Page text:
Tibialis Posterior Tendon Decompression (stage 1 disease)
Surgery is performed under general anesthetic. The stay is usually 1-2 nights. The procedure takes 1hour. The aim of surgery is to remove the inflamed tissue and repair any damage to the tendon.
A 10cm incision is made on the inner side of the ankle starting just above and behind the bony prominence then curving down into the foot. The sheath in which the tibialis posterior tendon runs is opened, and all the inflamed tissue is taken out. The tendon is inspected, and any damaged tendon is either removed or repaired depending on its condition. The sheath is then repaired, and the skin is stitched. A below knee half plaster cast is then applied while you are still asleep.
All surgery carries potential risks. The risks are minimized by having the surgery meticulously performed by an expert in foot and ankle surgery. Risks include
- Pain, swelling, and bruising - will occur to some degree following all foot and ankle surgery
- Infection - approximately 2% risk in our unit
- Blood clots (thrombosis) – treatment to reduce this risk will be provided if required
- Numbness – usually improves over time
- Stiffness – this improves over time and helped by physiotherapy
- Scar sensitivity - can be improved with scar massage
- Incomplete improvement - occasionally symptoms will be improved but remain present to a small degree. Recurrence in the inflammation can also occur
- Revision surgery - if primary surgery fails to improve symptoms
Discharge advice following Tibialis Posterior Tendon decompression
Your leg has been dressed in a plaster back-slab to give it support. This dressing should not be changed until you are seen at your first follow-up appointment after 2 weeks. The plaster must be kept clean and dry.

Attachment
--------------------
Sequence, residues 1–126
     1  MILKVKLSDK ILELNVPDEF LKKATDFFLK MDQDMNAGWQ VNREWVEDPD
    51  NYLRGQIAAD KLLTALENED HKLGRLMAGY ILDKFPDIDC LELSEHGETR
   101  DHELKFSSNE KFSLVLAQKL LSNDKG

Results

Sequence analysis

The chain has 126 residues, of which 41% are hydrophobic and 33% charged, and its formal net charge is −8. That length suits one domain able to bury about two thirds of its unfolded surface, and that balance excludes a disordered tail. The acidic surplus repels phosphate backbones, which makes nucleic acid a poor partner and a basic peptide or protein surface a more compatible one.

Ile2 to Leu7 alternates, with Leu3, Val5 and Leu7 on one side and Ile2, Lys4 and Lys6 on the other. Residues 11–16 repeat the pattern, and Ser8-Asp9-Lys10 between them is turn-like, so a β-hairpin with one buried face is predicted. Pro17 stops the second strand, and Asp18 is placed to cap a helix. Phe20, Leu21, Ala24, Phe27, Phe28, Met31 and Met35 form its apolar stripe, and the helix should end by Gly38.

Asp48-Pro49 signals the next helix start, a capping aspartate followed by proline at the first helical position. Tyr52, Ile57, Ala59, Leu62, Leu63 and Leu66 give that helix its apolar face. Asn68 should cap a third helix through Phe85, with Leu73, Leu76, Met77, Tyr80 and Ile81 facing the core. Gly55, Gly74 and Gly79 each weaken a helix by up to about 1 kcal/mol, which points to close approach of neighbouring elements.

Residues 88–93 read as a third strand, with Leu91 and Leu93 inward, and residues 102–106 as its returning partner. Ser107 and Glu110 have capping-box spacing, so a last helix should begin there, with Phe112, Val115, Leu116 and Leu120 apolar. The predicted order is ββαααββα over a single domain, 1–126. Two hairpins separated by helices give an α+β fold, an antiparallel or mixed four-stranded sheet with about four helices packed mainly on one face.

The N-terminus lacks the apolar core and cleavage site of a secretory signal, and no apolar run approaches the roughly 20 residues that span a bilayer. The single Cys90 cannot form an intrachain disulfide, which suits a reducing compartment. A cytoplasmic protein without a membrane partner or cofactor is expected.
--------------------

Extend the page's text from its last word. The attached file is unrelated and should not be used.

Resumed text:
It is very important that you rest as much as possible and keep your foot elevated for the first 48 hours after surgery. Try to avoid letting it hang down when sitting as this will lead to swelling and pain. This is most apparent within the first 2 weeks but swelling may occur for up to 6 months after surgery, especially after sitting or standing for long periods. In bed, put the foot on a pillow.
You will receive a prescription for pain medication on discharge. Pain is often due to swelling, and this is eased by rest and elevation of the foot.
You will need to walk without putting any weight on the foot for 2 weeks. A physiotherapist will show you how to use crutches After this you will be supplied with a removable boot that has Velcro straps. You will then be able to walk in the boot during the day and put all your weight on it. This is worn for 4 weeks. You can take the boot off at night.
You will be seen approximately 2 weeks when the plaster and sutures will be removed. You will be placed in a walking boot in which you can walk in. You will be seen again 4 weeks later and if all is well will be referred to the physiotherapists and you can discard the boot. You will need a small shoe insert to maintain your arch and heel alignment support during the next 6 weeks, and this will be provided. This can be worn inside trainers and these should be brought to the6 week appointment. You will be seen at 3 months for a final check.
You should not drive a manual car for 6 weeks following surgery. After this you should start gradually, to see if you are comfortable. It normally takes a few days to feel confident.
If you have an office-based job then it may be possible for you to return after 2 weeks however it is more advisable to return after 6 weeks. If you have a more physical job, then it may take 8-12 weeks.
It often takes 6 months for all swelling to resolve and so minor swelling late in the day is not unusual and should not be a cause for concern. It will take 6 months to return to full sporting activity.